His band has achieved pretty massive success in the UK and are building elsewhere, and a lot of their songs are about sex - gay sex. His most recent video, 'Desire', is filled with all sorts of sexy interactions. When asked if he has any trepidation about including such vivid sexual imagery, he’s said: “I like having sex. Being able to assert myself and talk about my sexuality is an empowering thing for me.”

I had a pretty great upbringing but I was taught through church to be a bit ashamed of sexuality. Sex positivity is still a fresh thing for me, so I’m really inspired by artists that can talk/sing/express it in their work. I think it’s so important for sex to be openly talked about and celebrated. So much so that I almost put porn star Jake Bass on this list, but I was worried my mum would read it.


Bowfinger

I was ten when Bowfinger came out, and it was a comedic revelation for me. The premise for the movie - which follows a covert operation where Steve Martin tries to make a movie with superstar Kit Ramsey (Eddie Murphy, in one of two roles) as the lead role, without him realising he’s in the film - appeals to my comedy sensibilities so much. I love seeing people try to achieve unreachable dreams.

It also features underrated comedy legend Heather Graham, a dog in high heels and an amazing bit where a cop starts oozing alien sludge. The movie they make is called Chubby Rain. It’s comedy perfection.


Live from New York: An Uncensored History of Saturday Night Live

I like comedy and I like gossip so this is the perfect book for me. The book is made up of verbatim interviews with almost every cast member, plus writers and producers, cut-up and pasted into a semi-chronological history of the show.

Being an SNL fan is not really about loving everything the show produces. It’s about the excitement that it sometimes produces absolute garbage, and sometimes produces absolute gold. The excitement of a celebrity guest host who might not seem like a natural fit slaying it, or one who should be able to crack it stumbling. It’s also about the cast's evolution - who emerges as the stars and who falls by the wayside. I have a regular click around every time SNL is in its off-season to see if there’s any news on who’s been fired/hired.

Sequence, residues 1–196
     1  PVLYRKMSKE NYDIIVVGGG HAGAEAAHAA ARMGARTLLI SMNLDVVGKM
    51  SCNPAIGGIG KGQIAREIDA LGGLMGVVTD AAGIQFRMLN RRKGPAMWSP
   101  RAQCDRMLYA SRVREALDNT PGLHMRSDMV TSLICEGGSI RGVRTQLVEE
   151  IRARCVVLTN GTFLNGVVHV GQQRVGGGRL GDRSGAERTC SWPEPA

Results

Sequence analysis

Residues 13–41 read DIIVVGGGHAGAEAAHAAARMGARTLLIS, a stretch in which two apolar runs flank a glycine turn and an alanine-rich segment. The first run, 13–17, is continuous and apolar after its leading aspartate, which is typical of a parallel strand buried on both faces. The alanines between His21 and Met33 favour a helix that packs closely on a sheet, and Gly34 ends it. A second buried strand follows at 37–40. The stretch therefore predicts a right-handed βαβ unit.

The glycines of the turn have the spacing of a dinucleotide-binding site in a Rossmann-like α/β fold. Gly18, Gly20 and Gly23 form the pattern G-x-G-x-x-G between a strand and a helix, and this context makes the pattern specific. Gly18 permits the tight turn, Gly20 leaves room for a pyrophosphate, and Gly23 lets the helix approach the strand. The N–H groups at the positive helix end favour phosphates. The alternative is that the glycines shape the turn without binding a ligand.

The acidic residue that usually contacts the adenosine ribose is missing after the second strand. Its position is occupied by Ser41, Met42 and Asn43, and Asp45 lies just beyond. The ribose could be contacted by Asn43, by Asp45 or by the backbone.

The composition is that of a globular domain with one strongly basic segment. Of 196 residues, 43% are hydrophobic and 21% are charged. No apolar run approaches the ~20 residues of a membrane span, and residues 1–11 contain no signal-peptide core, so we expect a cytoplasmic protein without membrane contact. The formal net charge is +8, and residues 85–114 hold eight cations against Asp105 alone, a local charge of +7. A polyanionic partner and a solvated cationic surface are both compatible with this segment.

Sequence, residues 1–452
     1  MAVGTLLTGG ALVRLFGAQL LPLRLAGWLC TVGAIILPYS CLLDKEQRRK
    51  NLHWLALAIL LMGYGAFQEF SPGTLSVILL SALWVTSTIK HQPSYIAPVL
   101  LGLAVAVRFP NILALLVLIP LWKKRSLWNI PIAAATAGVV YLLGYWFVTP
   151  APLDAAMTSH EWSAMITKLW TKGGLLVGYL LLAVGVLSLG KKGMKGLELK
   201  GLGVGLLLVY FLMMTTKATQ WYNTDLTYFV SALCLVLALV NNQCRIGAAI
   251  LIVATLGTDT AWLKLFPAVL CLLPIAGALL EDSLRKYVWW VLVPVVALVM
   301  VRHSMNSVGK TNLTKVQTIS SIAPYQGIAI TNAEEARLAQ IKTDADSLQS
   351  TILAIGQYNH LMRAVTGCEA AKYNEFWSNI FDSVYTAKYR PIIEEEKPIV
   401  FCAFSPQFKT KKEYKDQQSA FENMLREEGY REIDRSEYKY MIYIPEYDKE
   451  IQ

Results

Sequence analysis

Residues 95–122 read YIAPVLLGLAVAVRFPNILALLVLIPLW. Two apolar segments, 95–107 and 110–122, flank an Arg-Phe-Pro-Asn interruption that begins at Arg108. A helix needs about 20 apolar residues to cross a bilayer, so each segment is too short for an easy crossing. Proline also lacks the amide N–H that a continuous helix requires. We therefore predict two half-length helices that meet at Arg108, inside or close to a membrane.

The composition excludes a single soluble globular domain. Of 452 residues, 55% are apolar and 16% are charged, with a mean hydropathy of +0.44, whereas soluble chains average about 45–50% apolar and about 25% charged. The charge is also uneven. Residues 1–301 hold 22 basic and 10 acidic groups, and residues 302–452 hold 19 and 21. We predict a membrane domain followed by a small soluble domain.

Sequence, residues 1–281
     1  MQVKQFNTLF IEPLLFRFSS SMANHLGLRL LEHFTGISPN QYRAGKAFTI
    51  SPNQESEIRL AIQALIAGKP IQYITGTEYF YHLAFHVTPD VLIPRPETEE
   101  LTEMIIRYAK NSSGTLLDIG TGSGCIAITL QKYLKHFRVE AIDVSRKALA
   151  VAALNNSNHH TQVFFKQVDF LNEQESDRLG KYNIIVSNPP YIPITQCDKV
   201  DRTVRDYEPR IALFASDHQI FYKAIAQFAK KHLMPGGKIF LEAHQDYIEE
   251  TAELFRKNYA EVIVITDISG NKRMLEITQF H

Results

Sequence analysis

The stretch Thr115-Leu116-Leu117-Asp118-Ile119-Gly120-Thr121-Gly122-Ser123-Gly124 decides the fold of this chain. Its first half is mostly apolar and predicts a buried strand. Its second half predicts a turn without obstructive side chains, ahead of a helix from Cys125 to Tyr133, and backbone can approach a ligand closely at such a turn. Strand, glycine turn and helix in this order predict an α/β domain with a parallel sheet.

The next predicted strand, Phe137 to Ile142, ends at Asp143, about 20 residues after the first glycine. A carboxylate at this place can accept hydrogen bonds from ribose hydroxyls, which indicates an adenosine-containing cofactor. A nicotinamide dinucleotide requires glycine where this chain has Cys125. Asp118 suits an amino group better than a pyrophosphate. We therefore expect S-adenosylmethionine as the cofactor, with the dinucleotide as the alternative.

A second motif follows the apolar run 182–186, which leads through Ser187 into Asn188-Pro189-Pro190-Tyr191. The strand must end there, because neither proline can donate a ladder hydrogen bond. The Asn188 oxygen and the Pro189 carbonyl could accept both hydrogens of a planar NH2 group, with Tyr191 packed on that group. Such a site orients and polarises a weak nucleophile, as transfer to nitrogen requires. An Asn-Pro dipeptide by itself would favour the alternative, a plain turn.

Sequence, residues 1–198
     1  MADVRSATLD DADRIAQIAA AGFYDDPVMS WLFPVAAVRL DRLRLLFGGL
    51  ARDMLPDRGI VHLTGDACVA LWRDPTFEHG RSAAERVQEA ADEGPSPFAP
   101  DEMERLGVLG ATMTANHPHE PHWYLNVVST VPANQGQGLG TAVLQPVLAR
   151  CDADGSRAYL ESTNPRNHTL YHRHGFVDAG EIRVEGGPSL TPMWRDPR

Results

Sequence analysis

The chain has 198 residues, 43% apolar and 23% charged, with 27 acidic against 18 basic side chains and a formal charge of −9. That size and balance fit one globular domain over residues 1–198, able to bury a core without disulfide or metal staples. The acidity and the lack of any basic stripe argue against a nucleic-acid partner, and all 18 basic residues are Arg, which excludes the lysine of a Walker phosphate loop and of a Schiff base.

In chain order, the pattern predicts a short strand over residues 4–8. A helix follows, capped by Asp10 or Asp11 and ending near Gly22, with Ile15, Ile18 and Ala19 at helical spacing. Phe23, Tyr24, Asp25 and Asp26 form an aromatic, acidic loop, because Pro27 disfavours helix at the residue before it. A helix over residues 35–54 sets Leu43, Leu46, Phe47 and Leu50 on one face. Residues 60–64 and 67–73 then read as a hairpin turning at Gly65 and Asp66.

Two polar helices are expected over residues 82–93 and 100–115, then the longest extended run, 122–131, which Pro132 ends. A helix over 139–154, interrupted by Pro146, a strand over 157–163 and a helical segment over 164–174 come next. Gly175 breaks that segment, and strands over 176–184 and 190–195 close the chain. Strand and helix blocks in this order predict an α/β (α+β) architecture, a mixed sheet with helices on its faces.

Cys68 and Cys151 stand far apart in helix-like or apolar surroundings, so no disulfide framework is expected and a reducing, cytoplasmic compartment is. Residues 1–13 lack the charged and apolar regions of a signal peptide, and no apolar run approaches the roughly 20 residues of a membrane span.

This book is just filled with awesome little details, lots of big emotions and the constant struggle of rejuvenating a show that’s stuck around for so many years. It’s pretty incredible to read just how much the cast hated Chevy Chase in its early years, and also how unsure the producers were about Bill Murray.

I think being part of a comedy collective like Snort and reading this book makes me long for one day having enough history and stories to tell from within our company that we could have a book about us. Our stories so far probably aren’t exciting enough, we all like each other too much. Maybe I need to stir some shit up. Maybe I need to become the Chevy Chase.


Wow! You Won't Believe This Disney Prince Reimagined as an Absolute Comedy Legend! 
is on at Basement Theatre
3 - 7 May